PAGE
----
The Events of November, 2005: Why Paris is Burning

In Paris as we write, the youth of the suburbs are setting cars on fire and running. They have been doing this for a week. Every night, congregating in the ghettoized banlieus of the city and spreading out to torch some more cars. Why?

In an absurd world, only the absurd makes sense.

Guy Debord, at another conflation of space and time that saw “violence” spreading from the ghettos an ocean away, once wrote:

AUGUST 13 – 16, 1965, the blacks of Los Angeles revolted. An incident between traffic police and pedestrians developed into two days of spontaneous riots. Despite increasing reinforcements, the forces of order were unable to regain control of the streets. By the third day the blacks had armed themselves by looting accessible gun stores, enabling them to fire even on police helicopters. It took thousands of police and soldiers, including an entire infantry division supported by tanks, to confine the riot to the Watts area, and several more days of street fighting to finally bring it under control. Stores were massively plundered and many were burned. Official sources listed 32 dead (including 27 blacks), more than 800 wounded and 3000 arrests.

Reactions from all sides were most revealing: a revolutionary event, by bringing existing problems into the open, provokes its opponents into an unhabitual lucidity. Police Chief William Parker, for example, rejected all the major black organizations’ offers of mediation, correctly asserting: “These rioters don’t have any leaders.” Since the blacks no longer had any leaders, it was the moment of truth for both sides. What did one of those unemployed leaders, NAACP general secretary Roy Wilkins, have to say? He declared that the riot “should be put down with all necessary force.” And Los Angeles Cardinal McIntyre, who protested loudly, did not protest against the violence of the repression, which one might have supposed the most tactful policy at a time when the Roman Church is modernizing its image; he denounced “this premeditated revolt against the rights of one’s neighbor and against respect for law and order,” calling on Catholics to oppose the looting and “this violence without any apparent justification.” And all those who went so far as to recognize the “apparent justifications” of the rage of the Los Angeles blacks (but never their real ones), all the ideologists and “spokesmen” of the vacuous international Left, deplored the irresponsibility, the disorder, the looting (especially the fact that arms and alcohol were the first targets) and the 2000 fires with which the blacks lit up their battle and their ball. But who has defended the Los Angeles rioters in the terms they deserve? We will. Let the economists fret over the $27 million lost, and the city planners sigh over one of their most beautiful supermarkets gone up in smoke, and McIntyre blubber over his slain deputy sheriff. Let the sociologists bemoan the absurdity and intoxication of this rebellion. The role of a revolutionary publication is not only to justify the Los Angeles insurgents, but to help elucidate their perspectives, to explain theoretically the truth for which such practical action expresses the search.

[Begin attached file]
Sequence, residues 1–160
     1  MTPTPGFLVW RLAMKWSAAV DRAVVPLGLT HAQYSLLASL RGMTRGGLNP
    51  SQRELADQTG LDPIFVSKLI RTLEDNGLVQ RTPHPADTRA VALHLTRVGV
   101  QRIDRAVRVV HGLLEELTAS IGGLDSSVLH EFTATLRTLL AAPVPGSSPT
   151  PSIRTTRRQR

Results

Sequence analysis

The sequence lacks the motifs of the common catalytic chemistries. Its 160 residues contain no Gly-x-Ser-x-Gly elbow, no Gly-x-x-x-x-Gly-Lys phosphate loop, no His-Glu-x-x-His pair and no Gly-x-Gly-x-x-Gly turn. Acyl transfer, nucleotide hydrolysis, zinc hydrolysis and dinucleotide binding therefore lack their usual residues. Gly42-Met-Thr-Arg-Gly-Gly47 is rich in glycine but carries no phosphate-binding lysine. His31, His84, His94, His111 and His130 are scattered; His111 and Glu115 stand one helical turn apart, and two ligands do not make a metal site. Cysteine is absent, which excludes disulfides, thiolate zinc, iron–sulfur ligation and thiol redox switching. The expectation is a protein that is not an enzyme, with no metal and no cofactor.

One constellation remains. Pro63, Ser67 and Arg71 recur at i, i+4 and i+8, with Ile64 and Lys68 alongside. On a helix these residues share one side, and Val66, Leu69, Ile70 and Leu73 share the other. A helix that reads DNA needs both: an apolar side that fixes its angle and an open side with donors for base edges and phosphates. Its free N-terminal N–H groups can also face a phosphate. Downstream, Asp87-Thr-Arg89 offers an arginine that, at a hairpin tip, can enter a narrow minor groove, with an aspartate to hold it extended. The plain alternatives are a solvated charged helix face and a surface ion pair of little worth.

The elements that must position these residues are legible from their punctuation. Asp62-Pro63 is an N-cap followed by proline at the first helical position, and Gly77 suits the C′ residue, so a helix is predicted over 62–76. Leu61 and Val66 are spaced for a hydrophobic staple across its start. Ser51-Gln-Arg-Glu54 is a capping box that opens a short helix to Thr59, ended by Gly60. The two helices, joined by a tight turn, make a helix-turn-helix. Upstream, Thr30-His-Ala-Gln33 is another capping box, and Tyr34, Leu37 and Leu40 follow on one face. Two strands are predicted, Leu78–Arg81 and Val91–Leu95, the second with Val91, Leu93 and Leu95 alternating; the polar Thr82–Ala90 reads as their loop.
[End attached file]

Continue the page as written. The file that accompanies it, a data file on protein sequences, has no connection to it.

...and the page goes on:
Hack journalists such as those found here (Time Magazine) or here (New York Post) (free registration required) will tell you “Paris is Burning” as a reflection of the alienation and discrimination, the joblessness and hopelessness these second- and third-generation French Muslims face.

We at the ALLDERBLOB see it differently. And with M. Debord, we hold: “The role of a velorutionary [sorry–could you check that? –ed.] publication is not only to justify the … insurgents, but to help elucidate their perspectives, to explain theoretically the truth for which such practical action expresses the search.”

Without further ado then, let us assay to explain theoretically the truth:

The truth is, everybody hates cars. The mistake of France’s angry youth is in thinking that by torching cars they will receive notice for their grievances. Instead, people all across the civilized world are cheering them on. They are wishing the hoodlums will inspire a little local mayhem, heralding a fiery end to the neighbour’s “portable furnace” in the driveway or against the curb next door.

People all across the civilized world are checking their insurance policies for coverage in case of acts of violence, and crossing their fingers that their car will be next: who wouldn’t want an inflated sum of cash in place of the stinking rattletrap heap that seems to cost more to run every day?

They’ve done the math. They know it’s cheaper to take transit, walk, or ride a bike. They need exercise, and would love to “ride a bike to the restaurant instead of drive a car to the gym” (as the well-known fortune cookie fortune has it).

Only trouble is, the alienated youth of Paris aren’t trying to do anyone any favours, and it will slowly dawn on them that nobody cares if they torch cars, for god’s sake. Unfortunately, this will mean an escalation to objects folks actually give a damn about: we’ve already seen this with schools and a garment factory being targetted.

So Folks, it’s up to you: if you want your own car torched, you’re going to have to do it yourself.

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